I recently ordered up a few of those super-cheap ESP8266 wifi modules. These have an 80211 b/g/n Wifi with WPA/WPA2 support, are super small and have a fairly powerful CPU on board (more powerful than that Arduino I am hooking it up to). I ordered my modules from Electrodragon and they came super-fast (and even shipped from state-side). For ~ $25.00 I got 4 pieces shipped to my door. In hindsight I should have ordered a couple of the modules with all the GPIO pins exposed. The first order of business is interfacing. These modules utilize a 3.3V power supply and IOs. I utilized my $17.00 Arduino Mega with 3.3v selector to be voltage compatible instead of setting up voltage dividers.
There are 5 critical pins needed to get this working:
- GND – Connect to Arduino GND
- VCC – Connect to Arduino 3.3V VDD
- UTXD – Connect to Arduino Mega RX1
- URXD – Connect to Arduino Mega TX1
- CH_PD – Connect to Arduino 3.3V VDD
I found my self in need of a small router table to clean up edges of some small parts. I have a pretty nice Porter Cable 890 Series router and adjustable base already and wanted to be able to make use of it for these smaller parts. How hard could it be to build a router table? I didn’t want to spend upwards of $100 for a piece of junk and it turns out a decent table can be built for far less. I think the total bill of materials came out to be around $20.00 including hardware. I also wanted something that would take little or no room to store.
Sometime around May 2004 we decided we were going to get chickens. We decided to build out own coop. I researched several designs online but wanted something that wouldn’t stick out and would blend in with the existing shed it was going to be placed near. I made some measurements of where it would be placed and got to work sketching out what I wanted for a coop. I refined the design and came up with how it would be framed on paper.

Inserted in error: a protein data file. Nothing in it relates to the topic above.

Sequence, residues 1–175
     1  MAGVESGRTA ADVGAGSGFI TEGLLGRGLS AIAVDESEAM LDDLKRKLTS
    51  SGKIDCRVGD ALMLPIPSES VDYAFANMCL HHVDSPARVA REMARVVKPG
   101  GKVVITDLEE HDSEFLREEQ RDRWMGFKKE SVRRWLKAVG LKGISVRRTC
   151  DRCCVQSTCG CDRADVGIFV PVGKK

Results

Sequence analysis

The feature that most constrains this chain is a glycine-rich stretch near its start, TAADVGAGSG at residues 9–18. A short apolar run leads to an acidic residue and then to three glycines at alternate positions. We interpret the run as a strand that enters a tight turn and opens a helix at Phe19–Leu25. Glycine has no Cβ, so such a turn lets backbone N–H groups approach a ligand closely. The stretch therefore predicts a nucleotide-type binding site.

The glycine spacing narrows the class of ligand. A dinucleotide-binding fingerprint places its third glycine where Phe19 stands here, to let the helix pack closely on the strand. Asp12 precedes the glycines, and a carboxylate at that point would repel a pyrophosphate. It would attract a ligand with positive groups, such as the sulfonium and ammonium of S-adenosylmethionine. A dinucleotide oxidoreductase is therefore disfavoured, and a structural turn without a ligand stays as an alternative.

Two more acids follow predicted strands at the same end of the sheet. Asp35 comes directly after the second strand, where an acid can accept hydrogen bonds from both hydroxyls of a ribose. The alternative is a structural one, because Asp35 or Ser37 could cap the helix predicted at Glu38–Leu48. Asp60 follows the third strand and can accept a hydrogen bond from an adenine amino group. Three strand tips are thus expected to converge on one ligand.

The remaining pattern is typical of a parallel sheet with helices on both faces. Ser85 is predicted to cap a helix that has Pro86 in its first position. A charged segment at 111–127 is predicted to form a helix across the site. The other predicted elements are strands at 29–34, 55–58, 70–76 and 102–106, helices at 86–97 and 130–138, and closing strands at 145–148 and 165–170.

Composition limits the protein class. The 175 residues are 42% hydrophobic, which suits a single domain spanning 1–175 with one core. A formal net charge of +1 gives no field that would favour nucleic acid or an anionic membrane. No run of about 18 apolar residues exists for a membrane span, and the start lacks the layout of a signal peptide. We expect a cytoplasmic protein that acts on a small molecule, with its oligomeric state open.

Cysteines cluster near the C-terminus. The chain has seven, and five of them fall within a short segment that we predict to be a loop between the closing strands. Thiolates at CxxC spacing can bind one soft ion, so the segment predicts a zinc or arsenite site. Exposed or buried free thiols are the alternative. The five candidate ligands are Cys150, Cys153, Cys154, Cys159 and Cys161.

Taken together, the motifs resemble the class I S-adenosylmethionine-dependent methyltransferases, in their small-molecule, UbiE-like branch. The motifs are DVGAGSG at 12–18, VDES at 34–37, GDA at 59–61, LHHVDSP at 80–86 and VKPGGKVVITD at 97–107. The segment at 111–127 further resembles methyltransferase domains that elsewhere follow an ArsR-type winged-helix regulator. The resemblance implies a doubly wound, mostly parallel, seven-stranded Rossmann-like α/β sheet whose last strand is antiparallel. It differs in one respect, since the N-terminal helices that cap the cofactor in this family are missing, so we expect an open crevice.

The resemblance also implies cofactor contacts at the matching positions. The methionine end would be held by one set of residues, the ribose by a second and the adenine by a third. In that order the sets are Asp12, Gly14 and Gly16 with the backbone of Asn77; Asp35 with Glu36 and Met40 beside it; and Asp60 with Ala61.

Faced with the challenge of carrying a a 16′ Old Town canoe, a kayak and all the gear and accessories and camping supplies in the 5 and a half foot bed of my F-150 SuperCrew I set out looking for options. First and foremost how to transport the canoe without being a hazard on the road to myself or anyone else. The prerequisites were as follows:
1) Should allow safe operation of the vehicle
2) No drilling or permanent modifications to the truck and should not interfere with or require the removal of the toneau cover I have installed
3) Must be easy to remove and install
4) Loading the canoe must not be difficult
5) Should hold at least one canoe – two would be better
6) Should look halfway decent
7) And the ever present engineering requirement of cost
I designed and built this electric spinning wheel for my wife earlier in the year. The spinner was mocked up in OpenScad (See e-spinner.scad for the cad design and assembly). This was built out of Maple, Aluminum tube, Nylon bushings and tube and some miscellaneous hardware. The e-spinner is powered by a Singer Style sewing machine motor hooked up to a foot pedal and lamp dimmer for speed control. The aluminum and nylon tube was cut on my Atlas 10″ lathe. The bobbin ends were cut on my Shapeoko CNC Router.
You can see the spinner in action here with my wife spinning imported wool she carded herself:
Bill of Materials (all wood is maple or other suitable hard wood):
- 1″x3″x7″ (x2) wood for supports
- 1 Nylon Bushing (1″ O.D. 3/4″ I.D. 3/4″ thick
- 3/8″ x 8″ (x2) Dowel
- 1″x1″x6″ wood for flyer arm
- 1″x3″x9 3/8″ (x2) wood for frame
- Nylon Tube (1/2″ I.D. 3/4″ O.D.) 6″
- Aluminium Tube (1/2″ O.D. 1/16″ Thick Wall)
- 1/4″ x 3″ x 3″ wood for bobbin ends
- Wood Glue
- 1 1/2″ Brass wood screws for assembly (x6)
- Singer Style sewing machine motor
- Silicone Hair Ties (for belts)